Alex Antetokounmpo Becomes the Latest Antetokounmpo Brother to Win an NBA Title

Even the most casual NBA fan knows all about Giannis Antetokounmpo, the Greek Freak. At just 26, he’s a five-time All-Star and All-NBA forward. He’s also a four-time All-Defensive team selection, the NBA’s Most Improved Player in 2016-17, a Defensive Player of the Year (2019-20), a back-to-back NBA MVP (2018-20), and the reigning NBA Finals MVP. What you may not know is that his brothers, Thanasis, Kostas, and Alex Antetokounmpo, are all pro basketball players too. 

Giannis wasn’t the first brother to win an NBA title either. Kostas already had a championship when Giannis and Thanasis joined him when the Milwaukee Bucks won in 2021. Now, their fourth basketball-playing brother, Alex, has joined the other three in winning an NBA crown. Although, it’s not one that is equal to what the others have won. 

Thanasis, Kostas, and Giannis Antetokounmpo have all won NBA titles

The 23-year-old Kostas is actually the first Antetokounmpo brother to win an NBA championship. The 6-foot-10 forward was a late second-round pick for the Philadelphia 76ers in 2018. He never suited up for the team, playing, instead, for the Dallas Mavericks as a rookie.

When Dallas waived Kostas, the Los Angeles Lakers claimed him, and he was on the LA NBA Bubble quad that won the 2019-20 Larry O’Brien Trophy. Although he has a ring, Kostas has only averaged 4.0 minutes per game in his career. 

The Bucks took home the next season’s title, with Giannis leading his franchise to the series victory over the Phoenix Suns while averaging 35.1 points per game. 

It was a double victory for the Antetokounmpo family, though, as older brother Thanasis (29) was on Milwaukee as well. He averaged a slightly-better-than-Kostas 9.7 minutes per game and did appear (for short stretches) in 13 2021 playoff games. 

Alex Antetokounmpo is now (kind of) an NBA champion

Of the NBA’s four Antetokounmpo brothers, 19-year-old Alex Antetokounmpo was the only one without an NBA title until very recently. 

That all changed when the 2021 undrafted rookie lifted an NBA championship trophy at the 2021 NBA Summer League in Las Vegas. As a member of the Sacramento King’s Summer League team, Alex won a title when the team beat the Boston Celtics 100-67.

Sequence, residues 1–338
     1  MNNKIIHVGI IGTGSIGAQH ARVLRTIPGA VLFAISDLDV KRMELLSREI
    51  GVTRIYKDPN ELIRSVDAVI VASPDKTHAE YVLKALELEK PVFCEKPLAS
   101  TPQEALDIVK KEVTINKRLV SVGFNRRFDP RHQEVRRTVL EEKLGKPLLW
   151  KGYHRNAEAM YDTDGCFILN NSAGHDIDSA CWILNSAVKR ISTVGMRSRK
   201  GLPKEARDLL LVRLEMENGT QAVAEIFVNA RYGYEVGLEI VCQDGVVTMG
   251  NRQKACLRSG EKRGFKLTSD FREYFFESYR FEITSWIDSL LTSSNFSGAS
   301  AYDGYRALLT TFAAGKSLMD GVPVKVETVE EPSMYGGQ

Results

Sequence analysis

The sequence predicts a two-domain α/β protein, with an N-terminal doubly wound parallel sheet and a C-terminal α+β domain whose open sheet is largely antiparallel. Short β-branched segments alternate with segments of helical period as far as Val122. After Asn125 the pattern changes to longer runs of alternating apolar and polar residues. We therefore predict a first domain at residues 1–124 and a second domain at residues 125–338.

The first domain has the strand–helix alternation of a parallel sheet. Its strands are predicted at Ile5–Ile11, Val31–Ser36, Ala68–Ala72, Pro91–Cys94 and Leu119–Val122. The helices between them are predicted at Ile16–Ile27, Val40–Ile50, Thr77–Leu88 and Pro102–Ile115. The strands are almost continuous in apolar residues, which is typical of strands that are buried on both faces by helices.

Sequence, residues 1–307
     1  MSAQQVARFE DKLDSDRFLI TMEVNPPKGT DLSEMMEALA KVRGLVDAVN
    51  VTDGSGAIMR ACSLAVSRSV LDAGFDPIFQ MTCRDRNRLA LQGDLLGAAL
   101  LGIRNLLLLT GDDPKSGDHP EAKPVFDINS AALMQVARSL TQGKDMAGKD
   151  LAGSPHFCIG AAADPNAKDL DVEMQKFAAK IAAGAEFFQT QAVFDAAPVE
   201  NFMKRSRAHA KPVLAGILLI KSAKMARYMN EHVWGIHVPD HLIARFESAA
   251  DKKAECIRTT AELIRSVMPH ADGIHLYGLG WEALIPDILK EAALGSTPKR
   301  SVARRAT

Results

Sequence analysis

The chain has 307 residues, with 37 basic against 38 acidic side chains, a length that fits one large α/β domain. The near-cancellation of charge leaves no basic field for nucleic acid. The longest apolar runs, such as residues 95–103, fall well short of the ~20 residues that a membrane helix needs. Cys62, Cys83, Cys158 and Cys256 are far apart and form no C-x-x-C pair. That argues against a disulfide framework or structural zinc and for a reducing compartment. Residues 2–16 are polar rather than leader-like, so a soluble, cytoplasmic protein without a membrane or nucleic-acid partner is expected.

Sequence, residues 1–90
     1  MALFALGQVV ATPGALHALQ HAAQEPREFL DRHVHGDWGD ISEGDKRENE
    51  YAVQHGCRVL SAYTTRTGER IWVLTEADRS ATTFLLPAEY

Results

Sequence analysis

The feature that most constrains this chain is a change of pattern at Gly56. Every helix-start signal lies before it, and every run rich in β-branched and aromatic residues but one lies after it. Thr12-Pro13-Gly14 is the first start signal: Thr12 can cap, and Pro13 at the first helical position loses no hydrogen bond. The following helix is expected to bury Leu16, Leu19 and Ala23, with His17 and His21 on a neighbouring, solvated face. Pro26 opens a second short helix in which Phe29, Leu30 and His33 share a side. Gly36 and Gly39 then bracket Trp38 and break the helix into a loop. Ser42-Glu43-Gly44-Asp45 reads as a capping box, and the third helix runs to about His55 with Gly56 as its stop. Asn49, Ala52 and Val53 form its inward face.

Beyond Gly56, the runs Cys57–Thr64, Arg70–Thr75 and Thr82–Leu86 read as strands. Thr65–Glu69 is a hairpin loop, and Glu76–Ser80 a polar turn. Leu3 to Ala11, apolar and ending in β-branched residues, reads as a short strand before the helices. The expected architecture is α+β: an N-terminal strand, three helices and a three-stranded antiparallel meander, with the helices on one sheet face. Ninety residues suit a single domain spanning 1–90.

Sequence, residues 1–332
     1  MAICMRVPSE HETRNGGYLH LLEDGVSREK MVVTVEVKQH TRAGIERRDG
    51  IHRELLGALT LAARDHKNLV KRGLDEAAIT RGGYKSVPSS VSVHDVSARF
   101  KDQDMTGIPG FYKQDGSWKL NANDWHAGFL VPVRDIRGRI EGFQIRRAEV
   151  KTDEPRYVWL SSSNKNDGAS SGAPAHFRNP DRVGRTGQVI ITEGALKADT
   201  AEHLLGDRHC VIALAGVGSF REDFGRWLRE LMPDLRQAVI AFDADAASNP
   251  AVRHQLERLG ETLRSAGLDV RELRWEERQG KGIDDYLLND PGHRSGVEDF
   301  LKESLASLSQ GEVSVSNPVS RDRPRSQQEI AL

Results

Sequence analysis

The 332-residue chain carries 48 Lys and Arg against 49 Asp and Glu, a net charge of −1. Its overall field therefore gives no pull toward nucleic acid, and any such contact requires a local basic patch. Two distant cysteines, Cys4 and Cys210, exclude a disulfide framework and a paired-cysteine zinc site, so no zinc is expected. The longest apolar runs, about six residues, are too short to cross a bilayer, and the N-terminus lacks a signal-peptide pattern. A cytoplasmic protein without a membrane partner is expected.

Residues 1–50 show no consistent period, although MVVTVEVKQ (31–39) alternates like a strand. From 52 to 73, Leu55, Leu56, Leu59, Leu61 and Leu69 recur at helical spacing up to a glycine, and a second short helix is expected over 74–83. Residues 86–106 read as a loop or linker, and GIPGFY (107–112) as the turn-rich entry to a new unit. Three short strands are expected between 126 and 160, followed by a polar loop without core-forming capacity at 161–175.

Alex appeared in three of the team’s five Summer League games and did not score in any of his time on the floor. Regardless of his performance, he can now always say that, like his brothers, he is (sort of) an NBA champ.

Alex Antetokounmpo has a lot of developing to do for him to become a legit NBA prospect

(L-R) Giannis Antetokounmpo, Thanasis Antetokounmpo , and Kostas Antetokounmpo of the Los Angeles Lakers attend a game between the Bucks and the Minnesota Timberwolves during the 2021 NBA Summer League where their brother Alex Antetokounmpo won the title.
(L-R) Giannis Antetokounmpo, Thanasis Antetokounmpo , and Kostas Antetokounmpo | Photo by Ethan Miller/Getty Images

As the youngest Antetokounmpo brother, Alex started his basketball career in the U.S. At Dominican High School in Whitefish Bay, Wisconsin. As a prep player, he made first-team all-state as a junior and a senior. He put up 20 points, 7.3 rebounds, 2.4 assists, and 1.6 blocks per game in his final high school season, per NBA.com

A few American college basketball programs had interest in the brother of an NBA star, but Alex decided to play for a year in Spain, singing with UCAM Murcia CB. While he played well for the club’s second team, he appeared in just one game for the senior side. 

While his game isn’t developed enough for the NBA yet, he does have many of the same physical attributes Giannis and his other brothers do. He is currently 6-foot-8 with a 7-foot-2 wingspan and plus athleticism. 

His on-court shortcoming might spell a premature end for many aspiring NBA players in his position, but the fact that he is an Antetokounmpo means that he will likely get a few bites at the pro basketball apple. If he’s like his brothers, he might even end up on a (real) NBA championship roster someday. 

All stats courtesy of Basketball Reference

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